In a genre of architecture where squat and boxy seem perpetually in vogue, Cragmont Elementary School is a resplendent, 45,000-square-foot, $8 million exception. Nested into a hillside on Regal Road, Cragmont frames views of San Francisco Bay.
Between the bay and the hillside, however, sits San Pablo Park, a neighborhood that is home to most of Cragmont’s African American and Latino pupils. Nearly half of the school’s 450 students are from these two demographic groups. Forty percent of the students are white, and many live in the school’s surrounding neighborhood where the median household income is roughly three times that of San Pablo Park.
“People say it’s the school for rich people up on the hill,” third-term PTA president Ann Williams, said regretfully. Williams’ son Henry is a Cragmont third-grader.
While many parents, like Williams, volunteer regularly in classrooms, attendance at monthly PTA meetings has steadily waned. Almost entirely absent are Cragmont’s African American and Latino parents.
Clearly it’s harder for working-class parents to make time for PTA, but the problem is generally seen as more complex.
“The issues the PTA addresses really are not the same issues that concern our kids,” said Vikki Davis, an African American mother who served with Williams as PTA co-president while her son attended Cragmont. “Our issues are, why are our kids failing, the disciplinary problems at the school.”
Williams said her pet projects this year will be fixing the acoustics in the lunchroom where after-school meetings are held and getting more balls and Hula-Hoops on the playground.
She said she regrets that Cragmont’s agenda centers on “upper-middle-class white people’s interests. That’s what it’s going to be if that’s who shows up.” Neither woman knows how to solve this dilemma. An experiment with holding every other PTA meeting near San Pablo Park failed to draw a more diverse crowd.
Jason Lustig, Cragmont’s principal for eight years, said he wants to get more African American and Latino parents involved in the school. But at the same time, he said, research shows that the diversity of parents involved in an elementary school does not greatly affect its student achievement.
He also said that Cragmont made significant leaps in the Academic Performance Index because of minority students’ improvement.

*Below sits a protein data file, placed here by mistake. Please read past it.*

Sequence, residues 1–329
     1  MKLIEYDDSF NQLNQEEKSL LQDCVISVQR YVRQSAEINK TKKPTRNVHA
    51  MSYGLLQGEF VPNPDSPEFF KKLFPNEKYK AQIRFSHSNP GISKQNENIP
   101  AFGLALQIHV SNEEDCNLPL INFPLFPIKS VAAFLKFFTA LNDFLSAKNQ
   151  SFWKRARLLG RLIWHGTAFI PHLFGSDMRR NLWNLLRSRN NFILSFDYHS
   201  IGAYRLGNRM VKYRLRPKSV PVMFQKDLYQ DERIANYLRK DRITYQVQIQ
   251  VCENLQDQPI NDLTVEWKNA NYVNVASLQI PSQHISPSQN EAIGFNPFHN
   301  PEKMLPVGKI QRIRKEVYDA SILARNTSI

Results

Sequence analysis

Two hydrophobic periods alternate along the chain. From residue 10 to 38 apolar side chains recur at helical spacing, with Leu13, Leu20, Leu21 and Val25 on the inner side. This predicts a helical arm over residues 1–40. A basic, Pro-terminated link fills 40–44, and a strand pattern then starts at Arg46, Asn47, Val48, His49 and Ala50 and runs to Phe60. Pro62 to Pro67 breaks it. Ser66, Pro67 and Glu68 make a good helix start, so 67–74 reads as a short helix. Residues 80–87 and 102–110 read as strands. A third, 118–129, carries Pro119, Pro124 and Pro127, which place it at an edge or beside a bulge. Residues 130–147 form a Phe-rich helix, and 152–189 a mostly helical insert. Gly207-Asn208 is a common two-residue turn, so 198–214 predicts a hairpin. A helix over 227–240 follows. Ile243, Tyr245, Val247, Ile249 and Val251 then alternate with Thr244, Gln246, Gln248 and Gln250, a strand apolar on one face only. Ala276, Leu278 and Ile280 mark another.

Davis, however, said that minorities’ API improvement should be viewed relative to the entire student body. While it’s narrowing from past years, there was still a significant gap between white and African American scores at Cragmont in 2003. And Hispanic and Latino students’ scores actually decreased slightly from the previous year.
Such a discrepancy, said Davis, is a problem for everyone. “Do you think your child is doing well in the classroom when other children are not doing well? And what social message is that sending them?” she asked.
Williams said, in response to the issue, “The school feels they’ve addressed it, [that] the basics are covered—we have diversity, we have programs for this, programs for that.”
Seated one afternoon at a café on Shattuck Avenue, Williams describes Cragmont’s annual African American Heritage Festival, an elaborate night-time event with exceptional parent attendance. “That evening is so culturally encouraging—to everyone,” she said. “There is so much culture to mine in our schools and our community.”
Cragmont, Williams said, still has room to grow. “But I feel, there’s a deeper experience possible.”
“I think Ann finally got it, because we really became friends,” Davis said. “And if we get one person at a time to ‘get it,’ that means a lot to me.”
This is the sixth in a series profiling the Berkeley elementary schools. The reports are written by students of the UC Berkeley Journalism School.